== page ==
Iowa Presidential Results: What does it mean?

Below are the results of the nation’s first primary from Iowa. Do these results matter? Was this expected? Surprises? Will New Hampshire negate these results? Please give us your opinion.

DEMOCRAT
Obama 38%
Edwards 30%
Clinton 29%

GOP
Huckabee 34%
Romney 25%
Thompson 13%
McCain 13%
Paul 10%
Giuliani 3%

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Posted by at 04:04 | Posted in Measure 37 | 19 Comments |Email This Post Email This Post |Print This Post Print This Post
  • Alan

    Look at the results. Over 70% of voting Democrats did not vote for Clinton. That says something.

  • William Neuhauser

    Common theme: populism and change — Huckabee, Edwards, Obama — away from corporatist, discredited “trickle-down” crony capitalism.

    • Anonymous

      Your analysis is as shallow Huckabee’s “every-man” persona. True, Democrats endorsed populism. That is because Democrats are a populist party, and tend to support a particularly unrealistic brand of populism which we call socialism. Huckabee drew his support from evangelical Christians who couldn’t give a hoot about fiscal policy as long as you don’t touch their fetuses. In other words, among Republicans, Huck is accepted because people don’t know about his populist views, or don’t care.

  • Alan

    Nice thing about voting is it “trickles up”. Looks like it did bump the people from the top.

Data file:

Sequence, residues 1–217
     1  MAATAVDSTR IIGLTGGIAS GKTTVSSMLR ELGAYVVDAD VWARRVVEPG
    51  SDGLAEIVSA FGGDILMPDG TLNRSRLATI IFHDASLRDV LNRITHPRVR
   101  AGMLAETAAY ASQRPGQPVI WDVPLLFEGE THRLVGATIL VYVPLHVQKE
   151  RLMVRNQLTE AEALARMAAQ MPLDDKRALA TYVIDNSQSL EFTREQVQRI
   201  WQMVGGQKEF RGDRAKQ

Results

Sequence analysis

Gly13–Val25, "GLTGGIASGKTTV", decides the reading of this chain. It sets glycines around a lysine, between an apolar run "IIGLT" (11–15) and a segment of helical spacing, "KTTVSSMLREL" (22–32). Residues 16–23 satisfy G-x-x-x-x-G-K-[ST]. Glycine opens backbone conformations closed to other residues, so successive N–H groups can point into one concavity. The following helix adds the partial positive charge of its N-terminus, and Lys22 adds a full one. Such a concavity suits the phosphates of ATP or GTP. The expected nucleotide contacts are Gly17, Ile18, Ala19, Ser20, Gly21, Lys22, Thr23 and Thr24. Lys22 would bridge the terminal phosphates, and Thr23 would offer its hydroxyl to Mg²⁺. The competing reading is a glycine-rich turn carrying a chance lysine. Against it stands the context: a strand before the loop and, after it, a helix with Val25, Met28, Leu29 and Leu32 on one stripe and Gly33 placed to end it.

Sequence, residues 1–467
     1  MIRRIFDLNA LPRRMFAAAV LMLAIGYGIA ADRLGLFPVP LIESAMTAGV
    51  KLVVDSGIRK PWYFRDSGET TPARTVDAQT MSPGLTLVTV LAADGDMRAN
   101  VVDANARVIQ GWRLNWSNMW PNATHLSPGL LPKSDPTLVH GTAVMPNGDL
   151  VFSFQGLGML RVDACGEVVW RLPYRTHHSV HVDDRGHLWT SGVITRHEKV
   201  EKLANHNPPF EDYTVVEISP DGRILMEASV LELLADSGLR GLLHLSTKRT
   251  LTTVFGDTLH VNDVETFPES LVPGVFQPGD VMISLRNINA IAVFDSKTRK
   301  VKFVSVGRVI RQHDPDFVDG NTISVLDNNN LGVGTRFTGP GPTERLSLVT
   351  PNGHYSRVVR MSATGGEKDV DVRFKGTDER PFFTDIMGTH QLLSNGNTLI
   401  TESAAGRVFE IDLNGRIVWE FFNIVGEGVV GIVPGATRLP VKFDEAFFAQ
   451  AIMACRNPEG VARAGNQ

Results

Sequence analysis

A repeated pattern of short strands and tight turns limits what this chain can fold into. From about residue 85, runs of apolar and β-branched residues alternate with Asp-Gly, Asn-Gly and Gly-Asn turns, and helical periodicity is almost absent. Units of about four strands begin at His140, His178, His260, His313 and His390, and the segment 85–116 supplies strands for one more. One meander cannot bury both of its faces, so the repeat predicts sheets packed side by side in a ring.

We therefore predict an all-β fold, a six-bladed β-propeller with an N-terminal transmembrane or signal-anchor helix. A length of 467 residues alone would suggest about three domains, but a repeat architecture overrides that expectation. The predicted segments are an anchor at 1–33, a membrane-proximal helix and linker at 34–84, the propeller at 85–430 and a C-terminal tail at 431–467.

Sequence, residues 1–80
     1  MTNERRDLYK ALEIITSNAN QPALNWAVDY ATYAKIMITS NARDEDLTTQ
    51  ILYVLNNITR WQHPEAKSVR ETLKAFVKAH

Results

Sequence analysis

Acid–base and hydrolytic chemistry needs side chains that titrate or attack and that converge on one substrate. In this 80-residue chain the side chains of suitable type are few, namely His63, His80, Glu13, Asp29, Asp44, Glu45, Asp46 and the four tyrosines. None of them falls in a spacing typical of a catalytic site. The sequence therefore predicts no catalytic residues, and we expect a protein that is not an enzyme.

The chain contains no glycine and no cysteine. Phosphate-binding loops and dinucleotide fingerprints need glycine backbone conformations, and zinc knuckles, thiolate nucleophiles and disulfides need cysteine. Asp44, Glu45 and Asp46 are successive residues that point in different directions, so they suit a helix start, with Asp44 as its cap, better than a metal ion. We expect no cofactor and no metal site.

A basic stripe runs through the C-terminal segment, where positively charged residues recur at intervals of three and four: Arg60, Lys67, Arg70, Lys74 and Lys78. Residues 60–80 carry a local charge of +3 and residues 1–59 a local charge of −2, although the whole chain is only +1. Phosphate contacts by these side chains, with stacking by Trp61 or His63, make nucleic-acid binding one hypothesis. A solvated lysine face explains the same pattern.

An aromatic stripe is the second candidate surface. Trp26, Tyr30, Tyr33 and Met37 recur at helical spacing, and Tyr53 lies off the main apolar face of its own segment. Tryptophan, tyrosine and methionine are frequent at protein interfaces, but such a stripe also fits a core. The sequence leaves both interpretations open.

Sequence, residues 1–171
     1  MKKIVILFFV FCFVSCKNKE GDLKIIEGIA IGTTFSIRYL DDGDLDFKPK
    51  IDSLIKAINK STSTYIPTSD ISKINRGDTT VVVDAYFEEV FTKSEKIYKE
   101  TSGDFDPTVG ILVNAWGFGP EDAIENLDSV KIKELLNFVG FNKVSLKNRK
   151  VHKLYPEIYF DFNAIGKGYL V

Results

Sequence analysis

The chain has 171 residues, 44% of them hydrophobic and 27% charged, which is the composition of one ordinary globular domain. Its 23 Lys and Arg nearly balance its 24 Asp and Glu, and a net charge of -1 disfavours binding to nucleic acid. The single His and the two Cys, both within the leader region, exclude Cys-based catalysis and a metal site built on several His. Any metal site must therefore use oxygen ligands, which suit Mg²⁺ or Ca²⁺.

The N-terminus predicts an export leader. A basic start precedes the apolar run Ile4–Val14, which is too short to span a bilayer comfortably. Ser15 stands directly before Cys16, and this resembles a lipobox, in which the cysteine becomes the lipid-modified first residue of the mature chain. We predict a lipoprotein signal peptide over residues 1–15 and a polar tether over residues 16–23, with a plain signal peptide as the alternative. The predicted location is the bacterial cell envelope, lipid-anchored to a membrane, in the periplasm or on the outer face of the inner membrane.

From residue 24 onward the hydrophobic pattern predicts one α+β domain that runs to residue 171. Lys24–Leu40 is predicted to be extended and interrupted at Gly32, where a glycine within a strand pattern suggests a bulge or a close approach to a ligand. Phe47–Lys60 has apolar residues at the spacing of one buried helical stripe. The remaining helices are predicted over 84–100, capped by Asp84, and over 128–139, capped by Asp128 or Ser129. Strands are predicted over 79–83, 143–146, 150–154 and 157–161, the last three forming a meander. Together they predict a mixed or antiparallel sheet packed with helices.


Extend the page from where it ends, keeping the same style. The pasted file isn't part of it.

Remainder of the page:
• Jeff

    It means that Thompson has a chance…. and that the Democrats are happily going to blow their entire warchests fighting each other.

    • CRAWDUDE

      True, I read Thompson spent about 5% what Huckabee and Romney did. 3rd isn’t bad considering how late he was in announcing. Lets see what he can do NH and Florida.

      Huckabee has managed to unite the pro-immigration enforcement crowd against himself with his amnesty plan. Iowa doesn’t have a large population of illegals but he’s going to get trounced in the states that do I predict.

  • John Fairplay

    Iowa typically does not end up being as significant as its “first in the nation” status might indicate. This time around, though, it makes Huckabee a truly viable candidate. It’s meaningless to Romney as he doesn’t depend on results for funding. It helps McCain as he didn’t campaign much and is leading New Hampshire. Thompson now has to win or come 2nd in NH to be able to stay in. Obama’s for real, but we’ll have to wait and see what voters in other states think of him when they wake up and realize he’s now a real possibility as the Democrat nominee. Edwards has to win NH to stay viable. Clinton’s in trouble, but I have a sneaking suspicion she’ll recover.

    Iowa verified a 3-person Democrat race and a 4-person Republican race.

    • crawdude

      Remember what the DNC did to Howard Dean when it looked like he would upset their chosen one. I think Obama has something like that in store for him in the future!